Patricia Brennan

“Project HealthDesign speaks to what is unique about nursing research, which strives to help people find ways to understand and manage their own health,” she says. “The tools that vendors have available now are mostly linked to a health care organization’s medical record or are disease-specific. What we seek to do is come up with tools and applications that can access all sorts of health information that work together to help people reach their health goals in a secure, integrated way.”

Imagine having a tool that keeps track of your accumulated health history—allergies, vaccinations, lab results, etc., that is collected during a typical clinical encounter—plus clinical information passively gathered from you—your blood pressure or glucose level, for example.

Add to that what Project HealthDesign has identified as “observations of daily living”—things that you record yourself and have unique meaning for you: moods, pain or discomfort, events during the day.

Then imagine that the tool is able to integrate all your clinical and observational information, interpret the results and provide useful feedback on which you can act.

“We all develop strategies for managing the different kinds of health information,” says Brennan. “Project HealthDesign is aimed at coming up with entirely new approaches using readily available technology and centered around the patient.”

During the first round of the project, researchers developed prototype tools that did much of the above. In its second round, researchers will focus on how the integrated information can be used in a clinical setting. “By integrating what happens during a care visit with observations of daily living, caregivers and patients will have a more complete picture of how the patient manages his disease,” says Brennan. “We’ve already made a lot of progress in identifying barriers and finding ways to keep the information secure while still giving access to those who need it. Making this happen requires a lot of creative thinking by teams of folks with very different skills. By bringing together technology and healthcare professionals with patient-centered design experts, we are on the way.”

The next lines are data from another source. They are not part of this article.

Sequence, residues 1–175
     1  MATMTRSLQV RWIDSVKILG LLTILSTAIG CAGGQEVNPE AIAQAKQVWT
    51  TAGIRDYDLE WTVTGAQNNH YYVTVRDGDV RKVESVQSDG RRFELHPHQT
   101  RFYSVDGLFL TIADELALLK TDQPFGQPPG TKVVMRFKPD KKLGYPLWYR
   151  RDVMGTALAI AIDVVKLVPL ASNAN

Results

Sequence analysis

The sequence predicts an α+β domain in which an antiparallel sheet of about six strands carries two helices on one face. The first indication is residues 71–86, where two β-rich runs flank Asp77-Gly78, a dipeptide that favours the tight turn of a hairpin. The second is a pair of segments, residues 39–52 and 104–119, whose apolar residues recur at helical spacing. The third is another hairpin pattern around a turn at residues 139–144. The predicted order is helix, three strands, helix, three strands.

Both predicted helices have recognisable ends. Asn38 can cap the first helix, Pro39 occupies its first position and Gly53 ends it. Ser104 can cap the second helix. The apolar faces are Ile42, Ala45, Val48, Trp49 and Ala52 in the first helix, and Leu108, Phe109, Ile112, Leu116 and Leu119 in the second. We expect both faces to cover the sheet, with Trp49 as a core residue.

Her WID proposal for the Health Technology Design in the Living Environments Laboratory is aimed at accelerating the development of personal care diagnostic and therapeutic technology to support individuals and families in the detection, recognition and management of health problems.“The Living Environments Laboratory research will help expand Project Health-Design’s vision of engaging people in managing their health,” says Brennan, “by developing new devices and creative technologies to
better understand health in everyday living.”

One focus will be to learn how individuals now access and manage health information at home, and then propose improvements. A second focus will be to find improvements in the many health-care technologies that are moving into the home, where they must be adapted to different circumstances and different users.